INTERVIEW: Chris Welsh and Tom Ward – Creators of Doc Dino

Doc Dino. That title alone had me sold. A doctor who is also a dinosaur? Now that there’s some good old fashioned creativity. We spoke to creators Chris Welsh and Tom Ward to find out more. Check out our interview, and while you’re at it, contribute to Doc Dino here.

AP2HYC: I understand that the idea came from a party?

CW: Yes. Well, sort of. Tom and I have these monthly meetings that we call Pitch Parties. The intention behind them is to make sure that we’re both working on new stuff, all of the time. We get together in a pub, have a few drinks, and pitch ideas at each other. Some are good, some are bad. Some go nowhere… but every now and then, something like Doc Dino comes out.

I honestly don’t recall who came up with it, but it sparked something in us. We both loved the idea and decided it should be something we collaborate on.

TW: We’d been drinking so yeah, let’s say it was a party, that makes it sound like we have friends and get invited to stuff. One of the initial parts of the concept was that we wanted to create a comic where reviewers opening line would be “This should be the stupidest thing I’ve ever read, but actually it’s pretty good.”

AP2HYC: So, why exactly is a surgeon a dinosaur?

TW: Surely you mean why exactly is a dinosaur a surgeon? We are who we are man. Rexley comes from an aristocratic family so he had a lot of pressure put on to him to have a respectable career, which really boiled down to either medicine or law. After butting heads on the wrong side of the law in his rebellious teen years that door was pretty much closed to him. Besides, he genuinely enjoys helping people and he has access to prescription drugs so he’s pretty happy being a surgeon, until, y’know, he gets fired at the start of the book.

CW: There isn’t really a reason, per se. I wish there was, but the truth is we just found it really funny and ripe for development. In the story itself there is some justification – he’s tied to his old ways, stuck in the life of an aristocrat who has never really had to want for anything. In the world, he’s a literal and figurative dinosaur. People want to replace him with new blood.

AP2HYC: Are dinosaurs a common occurrence in this world?

CW: There are a few, his father for example, and a couple of acquaintances, but generally speaking he’s the sole dino in his story. And he wouldn’t have it any other way.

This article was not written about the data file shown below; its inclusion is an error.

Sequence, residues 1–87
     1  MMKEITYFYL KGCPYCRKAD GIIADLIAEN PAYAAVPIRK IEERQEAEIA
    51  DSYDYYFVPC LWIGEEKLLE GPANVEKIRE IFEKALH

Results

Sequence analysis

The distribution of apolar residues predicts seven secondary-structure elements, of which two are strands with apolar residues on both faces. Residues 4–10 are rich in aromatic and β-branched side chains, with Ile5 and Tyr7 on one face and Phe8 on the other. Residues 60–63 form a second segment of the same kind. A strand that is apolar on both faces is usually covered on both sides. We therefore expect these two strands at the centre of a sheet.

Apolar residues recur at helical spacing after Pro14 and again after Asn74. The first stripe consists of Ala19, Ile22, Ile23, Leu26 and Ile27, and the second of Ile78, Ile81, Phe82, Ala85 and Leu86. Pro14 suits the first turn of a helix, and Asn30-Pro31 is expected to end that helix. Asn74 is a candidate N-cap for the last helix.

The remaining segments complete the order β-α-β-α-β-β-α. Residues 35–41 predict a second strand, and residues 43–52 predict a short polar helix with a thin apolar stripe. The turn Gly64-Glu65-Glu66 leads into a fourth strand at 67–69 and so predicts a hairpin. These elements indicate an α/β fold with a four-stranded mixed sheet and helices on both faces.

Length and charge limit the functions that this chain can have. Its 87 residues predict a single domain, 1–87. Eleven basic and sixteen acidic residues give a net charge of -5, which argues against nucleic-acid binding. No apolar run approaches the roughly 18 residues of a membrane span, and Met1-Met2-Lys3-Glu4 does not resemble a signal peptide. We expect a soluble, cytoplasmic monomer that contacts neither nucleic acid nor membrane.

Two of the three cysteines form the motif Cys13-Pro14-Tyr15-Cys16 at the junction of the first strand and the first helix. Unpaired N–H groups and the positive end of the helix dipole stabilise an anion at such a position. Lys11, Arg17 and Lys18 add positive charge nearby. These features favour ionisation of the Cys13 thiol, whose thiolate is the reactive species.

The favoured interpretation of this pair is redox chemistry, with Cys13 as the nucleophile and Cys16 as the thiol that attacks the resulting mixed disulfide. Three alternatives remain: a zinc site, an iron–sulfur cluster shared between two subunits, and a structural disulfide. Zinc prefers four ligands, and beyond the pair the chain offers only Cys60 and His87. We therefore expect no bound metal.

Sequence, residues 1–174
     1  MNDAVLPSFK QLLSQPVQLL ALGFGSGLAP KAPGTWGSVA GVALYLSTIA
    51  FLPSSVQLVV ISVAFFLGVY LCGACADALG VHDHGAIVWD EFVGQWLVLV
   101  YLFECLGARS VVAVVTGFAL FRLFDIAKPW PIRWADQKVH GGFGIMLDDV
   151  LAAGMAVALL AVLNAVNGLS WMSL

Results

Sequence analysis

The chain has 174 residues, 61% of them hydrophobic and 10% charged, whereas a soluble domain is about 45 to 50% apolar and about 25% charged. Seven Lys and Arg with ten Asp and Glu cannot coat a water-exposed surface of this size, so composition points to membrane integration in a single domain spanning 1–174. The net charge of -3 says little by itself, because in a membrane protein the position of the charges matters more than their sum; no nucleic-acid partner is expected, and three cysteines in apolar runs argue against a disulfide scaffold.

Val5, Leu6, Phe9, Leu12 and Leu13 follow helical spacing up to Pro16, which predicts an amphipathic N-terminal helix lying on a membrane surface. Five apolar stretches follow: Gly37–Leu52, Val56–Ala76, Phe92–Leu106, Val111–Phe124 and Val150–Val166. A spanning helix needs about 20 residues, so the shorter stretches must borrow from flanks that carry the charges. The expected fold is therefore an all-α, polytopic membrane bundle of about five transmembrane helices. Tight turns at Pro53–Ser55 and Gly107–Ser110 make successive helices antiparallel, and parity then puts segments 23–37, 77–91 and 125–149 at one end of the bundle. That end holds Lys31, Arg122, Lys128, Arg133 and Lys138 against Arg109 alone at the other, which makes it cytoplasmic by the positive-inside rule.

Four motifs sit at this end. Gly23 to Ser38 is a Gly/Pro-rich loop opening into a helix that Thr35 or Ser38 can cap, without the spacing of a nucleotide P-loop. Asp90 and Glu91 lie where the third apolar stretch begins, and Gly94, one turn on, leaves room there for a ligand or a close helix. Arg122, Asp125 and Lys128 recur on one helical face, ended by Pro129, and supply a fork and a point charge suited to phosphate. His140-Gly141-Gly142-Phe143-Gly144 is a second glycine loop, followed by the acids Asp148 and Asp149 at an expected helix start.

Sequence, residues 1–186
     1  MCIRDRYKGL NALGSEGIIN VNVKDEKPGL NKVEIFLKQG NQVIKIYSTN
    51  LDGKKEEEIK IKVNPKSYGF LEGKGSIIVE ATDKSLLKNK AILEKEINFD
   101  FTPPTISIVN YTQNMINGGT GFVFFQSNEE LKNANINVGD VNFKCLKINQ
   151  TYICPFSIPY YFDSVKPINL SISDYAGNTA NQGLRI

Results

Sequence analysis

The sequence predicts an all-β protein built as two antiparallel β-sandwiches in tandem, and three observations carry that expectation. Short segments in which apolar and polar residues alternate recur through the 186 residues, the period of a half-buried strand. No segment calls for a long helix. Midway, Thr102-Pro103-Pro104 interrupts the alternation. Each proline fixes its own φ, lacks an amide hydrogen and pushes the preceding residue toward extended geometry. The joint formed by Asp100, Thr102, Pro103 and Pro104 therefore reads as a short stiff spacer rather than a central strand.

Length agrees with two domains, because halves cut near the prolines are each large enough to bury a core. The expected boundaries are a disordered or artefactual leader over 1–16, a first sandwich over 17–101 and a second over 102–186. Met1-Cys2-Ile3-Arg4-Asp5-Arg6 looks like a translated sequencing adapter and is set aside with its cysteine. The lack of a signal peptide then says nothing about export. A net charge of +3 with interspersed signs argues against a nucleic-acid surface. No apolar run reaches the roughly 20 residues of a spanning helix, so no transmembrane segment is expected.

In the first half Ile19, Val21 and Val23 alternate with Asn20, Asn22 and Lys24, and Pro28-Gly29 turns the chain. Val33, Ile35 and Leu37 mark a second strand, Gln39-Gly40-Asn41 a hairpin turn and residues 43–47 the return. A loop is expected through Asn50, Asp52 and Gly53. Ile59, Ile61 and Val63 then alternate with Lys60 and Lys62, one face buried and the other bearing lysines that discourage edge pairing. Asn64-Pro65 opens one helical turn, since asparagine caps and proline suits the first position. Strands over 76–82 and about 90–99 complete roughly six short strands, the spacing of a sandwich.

TW: Not really, some of the richest dinosaur families managed to avoid the extinction event but no one really makes a big deal about it. Rexley likes to be the centre of attention, other than his dad’s leg there’s no other dinosaurs in this book. Terrence Dactyl, tactile legal advice doesn’t show up till the sequel, He’s Rexley’s lawyer and is a Pterodactyl obviously.

AP2HYC: Would you describe this as a medical drama with dinosaurs or is there more to it?

CW: Though it is essentially ER if Clooney was a dinosaur, there is so much more to it than that. It’s our loving homage to everything we love – 80s action film plot lines, dinosaurs, revenge, Jurassic Park, and the current batch of adult-orientated cartoon series such as Archer, Rick and Morty etc…

AP2HYC: It’s our personalities, our influences, and our senses of humour put down into a comic book.

TW: Sure, Doc Dino is about a dinosaur who practices medicine but it’s really about friendship, lost love, courage, self esteem, hubris and overcoming the past. It’s an emotional journey that also has a bunch of laughs. I think people will find Doc Dino surprisingly relatable, there’s a little Doc Dino in all of us, especially if he’s checking your prostate.

AP2HYC: And I understand that it won’t be for kids?

CW: Maybe it’s suitable for some really awesome kids who know how to handle adult content, but generally no, it isn’t. There are adult themes. Naughty words, some violence, just stuff you probably don’t want to subject your six year old to.

There’s nothing super gross or seedy going on, it’s by no means the Serbian Film of dinosaur based buddy-medical-drama comedies. It’ll probably be rated 15+ so you probably wouldn’t want to give it to your kid but they’ll end up stealing it off your book shelf and giggling to themselves when you go out. But then again parents buy their kids Grand Theft Auto and Call of Duty, and all them new fangled video games where you can shoot prostitutes and shit, and one time at a comic convention a 12 year old told me to go fuck myself because I suggested my other comic Merrick: The Sensational Elephantman probably wasn’t for kids and then his mum told me to sell it to him anyway, so what do I know?

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Doc Dino

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Davidde Gelmini